Not unexpetectedly, a 'U' turn, has just taken place in respect of Hormonal Substitute Therapy (HST). Over the last few months almost all of us professionals have been advised to interrupt, without causing any alarm or panic, all hormonal substitute treatments prescribed during the last five years to women suffering from menopause.
Apparently, it is considered that there is sufficient evidence to support the fact that the risk of breast cancer is increased with the use of HST in all its forms: single estrogen, estrogens combined with progestins, of cyclical or continued form, including tibolona (the molecule that acts by adhering to the receptors of estrogens, progestins and testosterone); it would appear it is all now under close scrutiny.
Up to not so long ago, HST was the best option available to women with pre or post menopause symptoms who showed signs of osteoporosis, osteopenia or a high risk due to related factors (smoking, lack of physical exercise, family history) particularly if these women showed the typical related symptoms like a feeling of suffocation, irritability, slight depression, reduction of sex drive, insomnia
In addition it was thought that the same treatment applied to dealing with signs of genitourinary atrophy (and its prevention) and the alleviation of cardiovascular risk in women. It was even thought that it could prevent or slow the progression Alzheimer's disease.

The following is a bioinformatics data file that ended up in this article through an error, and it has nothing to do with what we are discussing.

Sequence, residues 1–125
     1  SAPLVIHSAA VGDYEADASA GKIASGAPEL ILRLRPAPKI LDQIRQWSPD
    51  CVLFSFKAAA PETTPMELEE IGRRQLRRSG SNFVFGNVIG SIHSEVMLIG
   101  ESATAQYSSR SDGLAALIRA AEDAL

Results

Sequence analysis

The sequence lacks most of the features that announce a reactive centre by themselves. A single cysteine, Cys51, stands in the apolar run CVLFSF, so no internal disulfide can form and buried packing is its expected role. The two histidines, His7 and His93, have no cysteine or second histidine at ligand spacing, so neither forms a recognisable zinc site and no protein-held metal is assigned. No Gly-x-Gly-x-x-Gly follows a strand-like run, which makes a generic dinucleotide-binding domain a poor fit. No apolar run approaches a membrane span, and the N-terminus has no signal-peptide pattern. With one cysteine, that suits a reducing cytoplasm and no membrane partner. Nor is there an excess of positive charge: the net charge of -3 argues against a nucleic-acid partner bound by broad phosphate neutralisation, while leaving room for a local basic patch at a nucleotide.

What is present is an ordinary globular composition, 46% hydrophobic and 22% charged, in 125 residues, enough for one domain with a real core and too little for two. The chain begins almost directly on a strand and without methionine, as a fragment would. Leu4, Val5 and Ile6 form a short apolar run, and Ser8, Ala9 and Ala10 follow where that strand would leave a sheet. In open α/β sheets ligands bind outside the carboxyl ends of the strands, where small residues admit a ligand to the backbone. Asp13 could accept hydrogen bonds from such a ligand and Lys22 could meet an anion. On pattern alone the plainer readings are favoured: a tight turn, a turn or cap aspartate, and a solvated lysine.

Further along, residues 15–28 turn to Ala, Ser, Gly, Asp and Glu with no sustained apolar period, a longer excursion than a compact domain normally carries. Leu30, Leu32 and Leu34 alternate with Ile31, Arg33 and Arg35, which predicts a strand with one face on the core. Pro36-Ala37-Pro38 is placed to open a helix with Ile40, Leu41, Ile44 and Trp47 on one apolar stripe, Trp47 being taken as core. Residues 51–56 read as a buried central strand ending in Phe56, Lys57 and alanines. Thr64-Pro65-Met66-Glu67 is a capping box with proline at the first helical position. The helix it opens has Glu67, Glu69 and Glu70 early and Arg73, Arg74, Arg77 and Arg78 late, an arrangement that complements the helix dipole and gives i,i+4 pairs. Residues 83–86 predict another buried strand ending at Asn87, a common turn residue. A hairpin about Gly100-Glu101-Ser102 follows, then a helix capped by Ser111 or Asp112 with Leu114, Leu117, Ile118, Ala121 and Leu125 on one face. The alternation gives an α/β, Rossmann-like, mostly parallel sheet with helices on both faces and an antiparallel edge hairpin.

In reality the majority of these conclusions have become obsolete, firstly because the various studies carried out did not succeed in proving any benefits that the use of HST may have had in controlling Alzheimer or indeed cardiovascular illnesses, secondly there are now some new and more effective treatments available for complaints such as osteoporosis and which do not present obvious increased risk of breast cancer.
In this context, with no need to alarm, as in fact this type of cancer depends from many other factors, all doctors are advised to cease the use of HST treatment prescribed to all women who have received it for more than 5 years (the safe time, according to scientific research) and to use minimum doses, should the use be necessary to alleviate the menopause symptoms.
In my opinion, although I totally agree, I think that we are overlooking the main and most important reason for HST: quality of life. I am not saying this from personal experience; it is what my patients tell me. It is not for psychological fear caused by the unknown when faced by a new phase or a change of role in life that a woman suffers from menopause and can no longer procreate.
Today women have a more active working life and they are prepared and look forward to the happy changes that life may bring to them. It is really true!
A large number of women experiencing the symptoms (suffocation, insomnia ) lose part of their usual personal abilities and their quality of life. I believe that women should be sufficiently, impartially informed so that they may decide for themselves as to what is they consider to be their own personal therapeutic preference within the available options, particularly as it has been demonstrated in practice, not theory, that HST improves the quality of life in clearing these symptoms.
To conclude I propose to inform, to uphold women's opinion and dedicate as much time as possible to the evaluation of every individual case, just as I would like this done for myself. If you were a doctor, what would you do?